Patients with neck pain are less likely to improve if they experience poor sleep quality: a prospective study in routine practice.

Sleep is an integral part of a healthy, normal routine and poor sleep should not be overlooked as having an impact on rehabilitation. The objective of this study was to see whether sleep quality (SQ) at baseline is associated with improvement in pain and disability at 3 months. 422 sub-acute and chronic neck pain sufferers were recruited by 32 healthcare institutions. Neck pain, referred pain, disability, catastrophizing, depression, and SQ were assessed through validated questionnaires, upon recruitment and 3 months later. Correlations between baseline scores were calculated through the Spearman coefficient. Improvements in NP, disability, and SQ were defined as a reduction of ≥30% of baseline score. Six estimative logistic regression models were developed to assess the statistical changes in outcome measures. Regression models showed that better sleep quality at baseline was associated with improvement of neck pain (odds ratio=0.91 [95% confidence interval, 0.83-0.99]), but not disability (1.04 [0.95-1.13]); the improvement of sleep quality was associated with more severe neck pain at baseline (1.26 [1.07-1.49)], but not with baseline disability (0.99 [0.97-1.02]); and that improvement in sleep quality was associated with improvements in neck pain (3.48 [1.68-7.20]), and disability (5.02 [2.39-10.11]).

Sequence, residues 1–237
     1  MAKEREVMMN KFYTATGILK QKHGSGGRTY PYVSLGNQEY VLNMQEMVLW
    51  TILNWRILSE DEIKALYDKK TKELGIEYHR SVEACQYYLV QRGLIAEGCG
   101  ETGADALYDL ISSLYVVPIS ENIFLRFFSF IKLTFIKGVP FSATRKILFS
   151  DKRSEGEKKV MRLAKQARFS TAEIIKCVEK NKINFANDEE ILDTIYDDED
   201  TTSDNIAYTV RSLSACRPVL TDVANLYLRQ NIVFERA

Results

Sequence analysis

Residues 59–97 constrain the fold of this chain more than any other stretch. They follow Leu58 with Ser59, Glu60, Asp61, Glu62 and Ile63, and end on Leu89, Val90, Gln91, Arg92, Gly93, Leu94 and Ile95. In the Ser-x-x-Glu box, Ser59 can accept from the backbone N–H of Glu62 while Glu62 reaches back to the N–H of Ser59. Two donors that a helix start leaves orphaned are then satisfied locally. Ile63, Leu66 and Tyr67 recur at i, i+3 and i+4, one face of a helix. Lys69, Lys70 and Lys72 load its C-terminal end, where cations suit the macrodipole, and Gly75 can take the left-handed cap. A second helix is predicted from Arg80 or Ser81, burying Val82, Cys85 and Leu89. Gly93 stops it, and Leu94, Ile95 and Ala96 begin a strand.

In conclusion neck pain is less likely to improve in patients with poorer sleep quality, irrespective of age, sex, catastrophizing, depression, or treatments prescribed for neck pain. Future studies should confirm these results with more severely impaired patients.

Neck Pain

Out of all 291 conditions studied in the Global Burden of Disease 2010 Study, neck pain ranked 4th highest in terms of disability and 21st in terms of overall burden.

Speak your mind

Your email will not be published.